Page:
Invent a Character tie-in for Nightmare Before Christmas

Cinematic Happenings Under Development reports on and participates in a fun contest taking advantage of fan creativity in promoting a re-release of Tim Burton’s The Nightmare Before Christmas:

Calling all artists, designers, creative geniuses, film lovers and NIGHTMARE fans! This is your chance to create an original character for Walt Disney Pictures’ holiday classic, TIM BURTON’S THE NIGHTMARE BEFORE CHRISTMAS, making its return to the big screen this month in stunning Disney Digital 3-D. You are free to create the scariest, creepiest, most inspired character you can think of that fits into the world of Tim Burton’s beloved film. Your submission will be judged based on creativity, originality, and the unique features of the character.

We will select one winner from the submissions. Along with the winners from 4 other sites, these five finalists will be judged by the filmmakers of THE NIGHTMARE BEFORE CHRISTMAS. One grand prize winner and 4 second-prize winners will be announced on the site during the week of Halloween.

Of course, the winner’s character doesn’t get to appear in the film and the legal boilerplate about you-don’t-own-anything-at-all-about-what-you-submit is long enough to make the head spin, but still, it’s yet another way in which film-makers are reaching out to fans and taking advantage of their talents in ways that can benefit both producers and fans. Better still would be to create a system where people could view one another’s entries instead of the expert judges model — then you could get the whole community thing happening.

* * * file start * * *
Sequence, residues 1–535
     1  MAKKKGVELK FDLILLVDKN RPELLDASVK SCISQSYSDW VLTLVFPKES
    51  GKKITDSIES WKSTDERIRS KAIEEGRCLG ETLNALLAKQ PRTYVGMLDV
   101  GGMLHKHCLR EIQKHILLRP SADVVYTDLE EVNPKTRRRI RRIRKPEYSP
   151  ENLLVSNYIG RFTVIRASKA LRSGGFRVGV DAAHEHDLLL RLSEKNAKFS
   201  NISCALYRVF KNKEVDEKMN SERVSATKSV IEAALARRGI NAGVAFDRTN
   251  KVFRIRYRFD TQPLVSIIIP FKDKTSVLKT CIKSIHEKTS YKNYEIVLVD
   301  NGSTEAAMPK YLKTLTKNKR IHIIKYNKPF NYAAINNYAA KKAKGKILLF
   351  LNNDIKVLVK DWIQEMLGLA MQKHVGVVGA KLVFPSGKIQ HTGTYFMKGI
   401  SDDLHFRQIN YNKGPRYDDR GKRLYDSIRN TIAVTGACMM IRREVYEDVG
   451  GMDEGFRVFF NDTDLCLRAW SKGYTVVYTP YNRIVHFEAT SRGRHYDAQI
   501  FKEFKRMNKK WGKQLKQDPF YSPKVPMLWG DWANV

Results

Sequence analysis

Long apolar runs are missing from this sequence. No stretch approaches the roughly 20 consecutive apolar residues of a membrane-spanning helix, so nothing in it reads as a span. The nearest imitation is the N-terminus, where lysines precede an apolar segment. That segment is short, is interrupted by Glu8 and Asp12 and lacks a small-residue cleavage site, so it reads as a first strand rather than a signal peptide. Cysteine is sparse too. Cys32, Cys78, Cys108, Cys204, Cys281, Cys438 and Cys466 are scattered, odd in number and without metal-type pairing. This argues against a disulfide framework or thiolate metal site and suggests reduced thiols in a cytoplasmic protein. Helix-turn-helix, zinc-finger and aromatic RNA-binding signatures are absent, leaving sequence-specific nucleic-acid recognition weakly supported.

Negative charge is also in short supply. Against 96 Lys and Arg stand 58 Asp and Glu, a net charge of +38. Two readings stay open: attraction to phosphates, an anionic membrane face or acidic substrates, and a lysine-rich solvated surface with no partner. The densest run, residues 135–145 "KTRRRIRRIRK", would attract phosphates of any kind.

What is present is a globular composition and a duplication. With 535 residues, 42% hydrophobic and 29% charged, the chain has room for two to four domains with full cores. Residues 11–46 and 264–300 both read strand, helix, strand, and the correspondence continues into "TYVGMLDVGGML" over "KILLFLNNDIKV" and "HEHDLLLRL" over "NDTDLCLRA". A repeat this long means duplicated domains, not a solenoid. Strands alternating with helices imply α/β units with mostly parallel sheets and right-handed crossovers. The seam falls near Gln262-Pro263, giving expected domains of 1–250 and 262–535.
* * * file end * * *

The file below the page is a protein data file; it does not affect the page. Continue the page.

Great Moments in Rock and Roll as Cartoons

Joel Orff is a cartoonist who (among other things) illustrates “great moments in rock and roll” that people send him. He’s got a book of them, and a website where he keeps putting up new ones and invites you to send him your story. It’s a super cool way to collect and tell fan stories. The illustrations really lend something more than the narratives alone.

On the book-plug site, Orff says this:

My goal with the Great Moments in Rock ‘n’ Roll series has always been to entertain, and to present people’s stories in a respectful way. My favorites are the ones that someone may have never thought was worth telling, but for some reason has stayed with them as a favorite memory. I’ve consciously kept the drawing loose and spontaneous, to reflect what I believe are qualities of the best rock ‘n’ roll.

The most recent strip is of a show I saw last month that was indeed a great moment in rock and roll, and though his illustrations don’t look a thing like the band, it really does nail the show.Reading through them there are so many classic moments of music fan experience. The Duran Duran one is just funny, and the Sonic Youth one, well if you’ve been upfront at enough shows it’s just so easy to imagine it happening. The Gary Numan one about going to your first concert is sweet and blazingly right on. Lots of insightful moments captured in this collection.